Raise your hand if you summon your smart speaker by saying its wake word and then waiting a second or two for it to light up. You might be surprised to know that you don’t have to wait for a response.

How Wake Word Detection Works

You probably know that your smart speaker is “always listening.” This is different than “always recording,” but privacy concerns aside, the hardware inside your smart speaker is constantly using local processing in order to listen for its wake word so that it’s ready at a moment’s notice.

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In the case of the Amazon Echo, the microphones are working with the smart speaker’s processor at all times, and it’s listening to any sounds it hears. If it hears anything in the form of “uh-lecks-uh,” it knows to keep listening, and to start recording what you say after that. From there, the voice data gets analyzed and turned into an action.

Because your Echo constantly processes every sound it hears, it’s already listening for anything you say after it hears its wake word. CPUs are fast, so it doesn’t need an extra second or two for it to gain its composure before listening to your voice command.

But What About the Wake Lights?

Ah yes, the LED lights showing that your smart speaker is ready to listen for a voice command. Unfortunately, they’re sort of misleading.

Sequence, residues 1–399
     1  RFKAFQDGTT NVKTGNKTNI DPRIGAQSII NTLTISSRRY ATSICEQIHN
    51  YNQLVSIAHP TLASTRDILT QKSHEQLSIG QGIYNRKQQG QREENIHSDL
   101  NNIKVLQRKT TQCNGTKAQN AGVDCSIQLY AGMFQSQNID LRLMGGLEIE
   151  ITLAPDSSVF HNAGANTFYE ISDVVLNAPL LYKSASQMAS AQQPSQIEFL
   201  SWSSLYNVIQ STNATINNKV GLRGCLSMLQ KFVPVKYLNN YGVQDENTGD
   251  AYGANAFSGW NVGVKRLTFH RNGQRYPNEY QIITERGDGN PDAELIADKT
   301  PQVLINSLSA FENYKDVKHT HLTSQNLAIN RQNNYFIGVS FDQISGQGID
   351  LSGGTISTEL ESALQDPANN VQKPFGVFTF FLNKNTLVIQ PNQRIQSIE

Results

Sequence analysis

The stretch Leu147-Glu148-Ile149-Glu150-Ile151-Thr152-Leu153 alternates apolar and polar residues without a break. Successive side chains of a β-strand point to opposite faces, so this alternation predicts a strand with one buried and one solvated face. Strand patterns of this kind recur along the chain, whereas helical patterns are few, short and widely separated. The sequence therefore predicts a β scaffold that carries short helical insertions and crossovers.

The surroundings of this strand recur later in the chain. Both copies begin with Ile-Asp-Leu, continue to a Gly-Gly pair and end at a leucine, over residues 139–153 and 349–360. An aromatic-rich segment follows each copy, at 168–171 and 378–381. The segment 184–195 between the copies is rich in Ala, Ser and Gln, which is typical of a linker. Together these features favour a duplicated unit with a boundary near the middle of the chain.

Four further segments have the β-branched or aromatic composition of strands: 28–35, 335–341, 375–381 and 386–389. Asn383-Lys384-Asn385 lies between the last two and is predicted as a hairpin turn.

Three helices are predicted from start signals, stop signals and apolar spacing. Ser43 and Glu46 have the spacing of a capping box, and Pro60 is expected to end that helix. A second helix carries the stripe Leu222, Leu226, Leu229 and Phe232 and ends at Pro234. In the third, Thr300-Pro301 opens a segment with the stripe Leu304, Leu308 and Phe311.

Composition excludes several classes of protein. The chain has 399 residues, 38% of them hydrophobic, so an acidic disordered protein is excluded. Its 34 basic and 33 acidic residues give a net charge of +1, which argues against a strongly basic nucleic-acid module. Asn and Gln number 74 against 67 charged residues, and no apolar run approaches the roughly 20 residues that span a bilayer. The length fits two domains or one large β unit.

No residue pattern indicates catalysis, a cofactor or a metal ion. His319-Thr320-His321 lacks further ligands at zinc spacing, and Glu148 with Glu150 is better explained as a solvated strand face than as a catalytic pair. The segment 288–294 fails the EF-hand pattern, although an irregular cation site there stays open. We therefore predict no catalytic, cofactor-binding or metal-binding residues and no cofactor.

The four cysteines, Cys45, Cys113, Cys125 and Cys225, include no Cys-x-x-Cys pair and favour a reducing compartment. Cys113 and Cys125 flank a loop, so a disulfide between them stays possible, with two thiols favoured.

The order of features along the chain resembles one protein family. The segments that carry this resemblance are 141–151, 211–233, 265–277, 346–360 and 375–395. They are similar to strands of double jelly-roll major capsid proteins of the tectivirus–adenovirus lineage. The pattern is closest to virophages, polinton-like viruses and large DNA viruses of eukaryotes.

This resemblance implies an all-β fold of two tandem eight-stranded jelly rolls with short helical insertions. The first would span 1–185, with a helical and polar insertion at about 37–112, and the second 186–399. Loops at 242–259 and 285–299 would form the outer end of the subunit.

Those lights on your Echo, Google Home, or HomePod that come on whenever you say the wake word are really nothing more than visual eye candy, and a bit of reassurance for the non-trusting. It takes a very brief moment for them to kick on after you shout the wake word, but you can actually begin saying your voice command before your smart speaker even lights up.

Long Story Short: No Need to Pause

The moral of story is that there’s no need say something like “Alexa…..turn the lights on.” Instead, you can just say “Alexa turn the lights on.”

RELATED: How to Make Your Amazon Echo Play a Sound When You Say "Alexa"

Now, one situation where you might still want to pause is if you’re not in a direct line of sight or you’re in a location where you think your smart speaker may not hear you. In this case, you might want to enable your smart speaker to play a sound whenever you say the wake word so that you audibly know it heard you.

You will have to pause for a brief moment after saying the wake word while you listen for the chime, which has the same lag time as the LED lights. Of course, you don’t need to pause, but as I said, if you can’t see your smart speaker or aren’t sure if it can hear you, that audible chime lets you know for sure.

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Craig Lloyd is a smarthome expert with nearly ten years of professional writing experience. His work has been published by iFixit, Lifehacker, Digital Trends, Slashgear, and GottaBeMobile.
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